Maret Coach Chuck Driesell directs his team against Sidwell Friends on Jan. 29, 2016. (Jonathan Newton/The Washington Post)

Chuck Driesell looked at his watch. It was Friday morning, and that night, the Maret School, where he has been the coach for the past two seasons, was playing Georgetown Day in the first round of the Mid-Atlantic Conference tournament. But that wasn’t why he was keeping an eye on the time.

“My first class is at 10:30,” he said, smiling. “I teach P.E., one class with kindergartners and one with third-graders.” He smiled. “I love it.”

Driesell’s path has been long and winding. He now coaches a 24-3 high school boys’ basketball team — but also teaches kindergartners and third-graders, coaches middle school teams and is an assistant coach for the high school golf team.

That’s a long way from being a Division I head coach or an assistant at Georgetown or Maryland — jobs Driesell has held in the past. His record in five seasons as the head coach at The Citadel was 42-113, which leaves him just 744 wins shy of his famous father, Lefty.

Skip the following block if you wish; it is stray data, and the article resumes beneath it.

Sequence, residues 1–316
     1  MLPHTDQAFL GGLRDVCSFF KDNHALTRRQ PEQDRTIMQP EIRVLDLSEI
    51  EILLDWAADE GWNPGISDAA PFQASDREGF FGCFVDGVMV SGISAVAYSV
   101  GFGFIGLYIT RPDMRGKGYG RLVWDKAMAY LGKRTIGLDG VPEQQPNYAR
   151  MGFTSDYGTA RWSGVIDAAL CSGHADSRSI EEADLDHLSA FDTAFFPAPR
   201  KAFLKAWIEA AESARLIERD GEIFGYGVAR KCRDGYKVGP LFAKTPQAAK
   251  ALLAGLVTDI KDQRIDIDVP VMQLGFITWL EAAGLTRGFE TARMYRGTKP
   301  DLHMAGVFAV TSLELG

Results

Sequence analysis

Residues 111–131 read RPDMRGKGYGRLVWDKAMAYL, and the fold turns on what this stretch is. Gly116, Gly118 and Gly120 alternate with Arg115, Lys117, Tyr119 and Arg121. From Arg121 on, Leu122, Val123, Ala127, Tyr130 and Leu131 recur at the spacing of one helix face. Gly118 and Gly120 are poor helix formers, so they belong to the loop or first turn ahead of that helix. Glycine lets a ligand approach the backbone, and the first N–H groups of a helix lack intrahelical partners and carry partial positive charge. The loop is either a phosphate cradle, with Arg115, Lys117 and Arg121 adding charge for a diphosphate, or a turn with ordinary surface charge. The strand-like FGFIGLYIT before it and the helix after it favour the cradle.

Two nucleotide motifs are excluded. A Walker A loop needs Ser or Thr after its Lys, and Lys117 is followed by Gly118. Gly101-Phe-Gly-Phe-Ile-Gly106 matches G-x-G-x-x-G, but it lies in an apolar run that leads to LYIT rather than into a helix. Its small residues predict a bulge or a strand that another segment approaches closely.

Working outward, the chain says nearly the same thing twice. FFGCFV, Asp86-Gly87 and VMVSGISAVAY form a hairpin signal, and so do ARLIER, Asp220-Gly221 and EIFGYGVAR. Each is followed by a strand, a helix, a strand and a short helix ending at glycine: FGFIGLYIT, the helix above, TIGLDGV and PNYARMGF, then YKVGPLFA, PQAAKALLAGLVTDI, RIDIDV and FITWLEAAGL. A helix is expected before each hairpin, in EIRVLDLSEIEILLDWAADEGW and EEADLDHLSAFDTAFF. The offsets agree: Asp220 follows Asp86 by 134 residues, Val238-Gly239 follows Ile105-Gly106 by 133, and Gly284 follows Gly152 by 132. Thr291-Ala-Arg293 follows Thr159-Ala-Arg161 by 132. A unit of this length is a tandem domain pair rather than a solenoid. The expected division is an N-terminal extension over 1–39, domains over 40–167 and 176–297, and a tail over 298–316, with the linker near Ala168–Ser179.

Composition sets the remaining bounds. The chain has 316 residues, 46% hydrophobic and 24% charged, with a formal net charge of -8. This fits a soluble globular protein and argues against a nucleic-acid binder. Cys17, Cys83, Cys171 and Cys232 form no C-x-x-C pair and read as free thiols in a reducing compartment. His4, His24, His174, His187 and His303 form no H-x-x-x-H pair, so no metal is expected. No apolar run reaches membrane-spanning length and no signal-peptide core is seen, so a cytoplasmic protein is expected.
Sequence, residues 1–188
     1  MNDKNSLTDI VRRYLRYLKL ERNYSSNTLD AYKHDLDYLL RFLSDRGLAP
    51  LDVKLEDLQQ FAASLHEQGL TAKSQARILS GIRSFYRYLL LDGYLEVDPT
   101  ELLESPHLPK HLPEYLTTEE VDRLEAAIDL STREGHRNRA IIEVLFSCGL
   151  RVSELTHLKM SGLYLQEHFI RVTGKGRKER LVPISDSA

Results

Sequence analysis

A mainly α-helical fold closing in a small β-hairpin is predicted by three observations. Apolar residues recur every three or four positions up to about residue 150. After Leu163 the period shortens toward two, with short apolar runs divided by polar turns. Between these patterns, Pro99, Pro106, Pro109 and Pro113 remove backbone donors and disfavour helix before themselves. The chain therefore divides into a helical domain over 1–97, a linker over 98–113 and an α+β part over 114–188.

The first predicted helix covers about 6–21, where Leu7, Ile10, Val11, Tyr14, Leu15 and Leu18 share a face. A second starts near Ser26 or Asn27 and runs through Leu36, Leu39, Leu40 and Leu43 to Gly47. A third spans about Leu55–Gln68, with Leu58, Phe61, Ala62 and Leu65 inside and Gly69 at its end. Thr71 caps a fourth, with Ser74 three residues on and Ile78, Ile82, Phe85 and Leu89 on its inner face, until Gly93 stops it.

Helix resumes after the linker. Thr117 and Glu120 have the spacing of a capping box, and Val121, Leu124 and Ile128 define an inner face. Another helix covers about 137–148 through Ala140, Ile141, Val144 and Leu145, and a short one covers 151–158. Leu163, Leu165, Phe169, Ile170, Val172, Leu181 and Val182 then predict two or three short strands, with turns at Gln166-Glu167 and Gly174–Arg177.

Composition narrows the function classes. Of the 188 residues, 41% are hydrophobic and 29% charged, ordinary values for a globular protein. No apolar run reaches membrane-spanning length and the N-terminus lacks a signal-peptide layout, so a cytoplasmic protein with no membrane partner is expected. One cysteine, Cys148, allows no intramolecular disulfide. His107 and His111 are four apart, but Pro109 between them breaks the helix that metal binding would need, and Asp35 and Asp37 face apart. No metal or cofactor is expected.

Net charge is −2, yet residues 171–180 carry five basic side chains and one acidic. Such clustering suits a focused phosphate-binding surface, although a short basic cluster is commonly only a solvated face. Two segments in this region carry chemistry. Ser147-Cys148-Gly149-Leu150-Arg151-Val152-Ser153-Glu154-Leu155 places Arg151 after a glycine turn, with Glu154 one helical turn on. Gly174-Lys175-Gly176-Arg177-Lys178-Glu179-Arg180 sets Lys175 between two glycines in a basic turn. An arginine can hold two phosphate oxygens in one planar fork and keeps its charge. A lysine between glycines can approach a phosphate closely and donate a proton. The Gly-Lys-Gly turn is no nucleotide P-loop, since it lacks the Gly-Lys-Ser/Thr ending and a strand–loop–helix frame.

“My dad taught me a lot,” he said with a smile. “I haven’t figured out how to win like him. At least not yet.”

Driesell greets center Luka Garza during a game against H.D. Woodson in January. (Jonathan Newton/The Washington Post)

Still, Driesell, 54, is completely at peace with where he is in his career and his life right now.

“All I can tell you is I wake up every morning really excited to go to work,” he said. “I love what I’m doing and the place where I am. The people I work for are great, and I really enjoy the kids — all the kids, from the kindergartners to the 12th-graders.”

Driesell has seen just about everything there is to see in the game he grew up playing, loving and watching his dad coach so well. In four years as a backup guard at Maryland, his most memorable moment came as a sophomore in Chapel Hill against defending national champion North Carolina, led by Michael Jordan, Sam Perkins and Brad Daugherty.

The Terrapins, led by Adrian Branch and Len Bias, were trailing 72-71 with five seconds left. It was Maryland’s ball at midcourt.